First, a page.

"You're always going to see more action in high-profile games," he said. "There's a saying in the industry, 'people bet the games if they want to sweat the games.' Any event people can watch live, they're more likely to bet on."

Noble said that even though more money is on Florida and LSU right now, he expects bettors to put money on George Mason and UCLA before Saturday's games.

"We have some professional players who do tend to bet on underdogs," he said. He noted that over the course of the week, amateur gamblers bet heavily on the favorites, making the lines more favorable for underdog betting just before the game begins.

"People do tend to bet on favorites and higher seeds," Rocha said. "Bettors like to go with experts, and seedings are made by experts."

Rocha said that the tendency to go with favorites helped Betmaker early in the tournament, when low-seeded Bradley University and Texas A&M knocked off favored University of Pittsburgh and Syracuse University, respectively.

"We made a lot of money with Bradley and Texas A&M," he said.

Noble said he hopes for the same effect if George Mason wins two more games to become the longest shot ever to take home the national championship.

"Given the money bet on LSU and Florida, we'd be quite happy if Mason's Cinderella story continued," he said.

Copyright 2006 by United Press International

Explore further: Cinderellas reign in Final Four ratings

Related Stories

Cinderellas reign in Final Four ratings

July 25, 2013

Most pro basketball fans would assume that TV executives want to see teams from the largest markets go the furthest in the playoffs. But in college basketball, however, the most fans tune in for teams they probably hadn't ...

Recommended for you

How bees naturally vaccinate their babies

July 31, 2015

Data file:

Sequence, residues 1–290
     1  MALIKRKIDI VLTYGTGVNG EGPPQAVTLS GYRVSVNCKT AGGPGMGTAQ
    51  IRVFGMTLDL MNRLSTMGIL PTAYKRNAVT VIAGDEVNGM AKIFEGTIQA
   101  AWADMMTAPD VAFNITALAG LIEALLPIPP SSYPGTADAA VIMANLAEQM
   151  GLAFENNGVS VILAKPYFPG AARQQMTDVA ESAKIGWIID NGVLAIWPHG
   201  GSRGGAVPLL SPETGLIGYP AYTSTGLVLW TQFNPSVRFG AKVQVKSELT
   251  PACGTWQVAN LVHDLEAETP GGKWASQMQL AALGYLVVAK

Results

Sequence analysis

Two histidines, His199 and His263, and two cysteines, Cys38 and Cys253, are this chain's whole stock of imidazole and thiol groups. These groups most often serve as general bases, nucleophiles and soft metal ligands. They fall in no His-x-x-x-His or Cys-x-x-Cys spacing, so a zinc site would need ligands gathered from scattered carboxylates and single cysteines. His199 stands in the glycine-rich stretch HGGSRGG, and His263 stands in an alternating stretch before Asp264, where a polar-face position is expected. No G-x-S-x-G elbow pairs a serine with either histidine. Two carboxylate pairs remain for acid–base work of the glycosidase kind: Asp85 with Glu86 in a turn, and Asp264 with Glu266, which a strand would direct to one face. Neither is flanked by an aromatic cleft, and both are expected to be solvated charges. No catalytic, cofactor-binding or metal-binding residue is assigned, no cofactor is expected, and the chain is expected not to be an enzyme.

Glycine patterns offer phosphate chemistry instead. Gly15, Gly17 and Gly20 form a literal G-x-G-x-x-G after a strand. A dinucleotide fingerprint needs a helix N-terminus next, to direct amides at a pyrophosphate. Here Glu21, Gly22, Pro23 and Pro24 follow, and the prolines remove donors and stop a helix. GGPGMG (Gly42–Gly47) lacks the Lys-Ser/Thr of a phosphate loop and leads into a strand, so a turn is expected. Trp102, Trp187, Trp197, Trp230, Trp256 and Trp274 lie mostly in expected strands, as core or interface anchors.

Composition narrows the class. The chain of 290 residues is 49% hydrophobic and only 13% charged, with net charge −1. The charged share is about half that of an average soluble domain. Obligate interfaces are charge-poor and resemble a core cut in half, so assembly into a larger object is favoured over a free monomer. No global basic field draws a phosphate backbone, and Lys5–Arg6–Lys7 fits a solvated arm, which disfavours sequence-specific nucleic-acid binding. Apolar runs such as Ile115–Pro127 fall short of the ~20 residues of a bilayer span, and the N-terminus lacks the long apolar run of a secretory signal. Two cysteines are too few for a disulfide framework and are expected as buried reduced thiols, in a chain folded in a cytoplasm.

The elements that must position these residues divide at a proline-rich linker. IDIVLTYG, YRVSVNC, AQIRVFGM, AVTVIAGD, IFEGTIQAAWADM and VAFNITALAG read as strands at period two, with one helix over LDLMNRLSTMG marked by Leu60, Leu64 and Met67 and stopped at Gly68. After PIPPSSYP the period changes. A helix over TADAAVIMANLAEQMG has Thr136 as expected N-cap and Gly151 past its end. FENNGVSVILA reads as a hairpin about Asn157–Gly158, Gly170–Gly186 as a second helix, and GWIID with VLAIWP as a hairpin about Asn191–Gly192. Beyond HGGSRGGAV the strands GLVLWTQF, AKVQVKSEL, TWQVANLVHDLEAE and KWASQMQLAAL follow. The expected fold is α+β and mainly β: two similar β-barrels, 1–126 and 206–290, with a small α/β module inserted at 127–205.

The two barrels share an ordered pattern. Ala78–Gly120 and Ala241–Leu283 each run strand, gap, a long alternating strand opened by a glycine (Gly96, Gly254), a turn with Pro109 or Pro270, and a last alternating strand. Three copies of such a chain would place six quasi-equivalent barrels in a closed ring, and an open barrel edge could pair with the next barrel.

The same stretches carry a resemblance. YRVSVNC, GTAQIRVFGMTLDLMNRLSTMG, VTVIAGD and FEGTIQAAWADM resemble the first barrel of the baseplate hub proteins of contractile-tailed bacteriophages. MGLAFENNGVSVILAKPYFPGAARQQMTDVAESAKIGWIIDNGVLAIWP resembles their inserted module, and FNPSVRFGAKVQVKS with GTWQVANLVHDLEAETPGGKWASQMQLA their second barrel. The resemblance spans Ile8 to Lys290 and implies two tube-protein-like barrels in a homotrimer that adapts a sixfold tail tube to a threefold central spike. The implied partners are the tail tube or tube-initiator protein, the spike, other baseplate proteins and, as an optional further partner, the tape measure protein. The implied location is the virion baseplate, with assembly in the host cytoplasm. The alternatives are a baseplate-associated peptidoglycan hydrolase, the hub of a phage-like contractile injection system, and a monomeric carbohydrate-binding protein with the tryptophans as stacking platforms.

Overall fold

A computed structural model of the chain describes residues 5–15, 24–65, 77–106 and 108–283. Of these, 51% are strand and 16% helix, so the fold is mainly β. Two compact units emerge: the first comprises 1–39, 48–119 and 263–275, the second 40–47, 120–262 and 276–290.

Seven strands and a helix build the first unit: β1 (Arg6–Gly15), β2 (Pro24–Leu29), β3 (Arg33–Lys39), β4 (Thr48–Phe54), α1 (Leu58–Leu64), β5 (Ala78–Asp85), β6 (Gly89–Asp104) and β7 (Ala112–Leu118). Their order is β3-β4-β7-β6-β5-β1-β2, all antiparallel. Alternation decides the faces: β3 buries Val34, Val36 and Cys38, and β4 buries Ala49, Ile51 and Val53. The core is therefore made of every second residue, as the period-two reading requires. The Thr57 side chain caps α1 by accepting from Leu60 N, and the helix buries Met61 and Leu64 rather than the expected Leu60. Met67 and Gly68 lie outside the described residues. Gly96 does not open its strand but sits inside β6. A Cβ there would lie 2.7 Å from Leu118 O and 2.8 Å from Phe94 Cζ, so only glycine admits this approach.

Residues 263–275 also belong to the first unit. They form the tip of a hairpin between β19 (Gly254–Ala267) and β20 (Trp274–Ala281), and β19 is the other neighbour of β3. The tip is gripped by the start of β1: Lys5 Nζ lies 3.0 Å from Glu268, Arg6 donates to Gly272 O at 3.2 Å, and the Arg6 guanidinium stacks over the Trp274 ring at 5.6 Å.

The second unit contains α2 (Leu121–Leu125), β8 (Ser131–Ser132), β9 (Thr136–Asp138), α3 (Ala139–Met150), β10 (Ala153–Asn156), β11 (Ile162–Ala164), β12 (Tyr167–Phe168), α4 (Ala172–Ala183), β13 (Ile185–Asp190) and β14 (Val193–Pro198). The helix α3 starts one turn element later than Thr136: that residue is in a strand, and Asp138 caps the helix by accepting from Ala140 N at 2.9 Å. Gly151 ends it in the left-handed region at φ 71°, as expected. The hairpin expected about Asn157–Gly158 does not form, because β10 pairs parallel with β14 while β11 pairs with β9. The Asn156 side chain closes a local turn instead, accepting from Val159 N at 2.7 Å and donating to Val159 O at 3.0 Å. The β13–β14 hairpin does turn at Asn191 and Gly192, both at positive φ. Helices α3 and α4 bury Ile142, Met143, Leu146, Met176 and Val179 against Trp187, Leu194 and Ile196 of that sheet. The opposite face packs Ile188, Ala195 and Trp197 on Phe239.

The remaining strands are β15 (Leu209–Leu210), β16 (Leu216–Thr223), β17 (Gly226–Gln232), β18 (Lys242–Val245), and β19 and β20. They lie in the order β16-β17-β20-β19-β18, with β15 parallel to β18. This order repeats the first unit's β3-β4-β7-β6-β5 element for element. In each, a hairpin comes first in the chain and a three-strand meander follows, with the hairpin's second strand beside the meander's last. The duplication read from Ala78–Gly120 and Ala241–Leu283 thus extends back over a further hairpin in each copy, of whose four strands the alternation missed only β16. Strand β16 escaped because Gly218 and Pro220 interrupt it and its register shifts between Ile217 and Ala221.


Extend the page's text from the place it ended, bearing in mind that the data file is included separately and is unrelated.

When it comes to vaccinating their babies, bees don't have a choice—they naturally immunize their offspring against specific diseases found in their environments. And now for the first time, scientists have discovered how ...

Binary star system precisely timed with pulsar's gamma-rays

July 31, 2015

Pulsars are rapidly rotating compact remnants born in the explosions of massive stars. They can be observed through their lighthouse-like beams of radio waves and gamma-rays. Scientists at the Max Planck Institute for Gravitational ...

Image: Hubble sees a dying star's final moments

July 31, 2015

A dying star's final moments are captured in this image from the NASA/ESA Hubble Space Telescope. The death throes of this star may only last mere moments on a cosmological timescale, but this star's demise is still quite ...

Exoplanets 20/20: Looking back to the future

July 31, 2015

Geoff Marcy remembers the hair standing up on the back of his neck. Paul Butler remembers being dead tired. The two men had just made history: the first confirmation of a planet orbiting another star.

Earth flyby of 'space peanut' captured in new video

July 31, 2015

NASA scientists have used two giant, Earth-based radio telescopes to bounce radar signals off a passing asteroid and produce images of the peanut-shaped body as it approached close to Earth this past weekend.

0 comments

Please sign in to add a comment. Registration is free, and takes less than a minute. Read more

Click here to reset your password.
Sign in to get notified via email when new comments are made.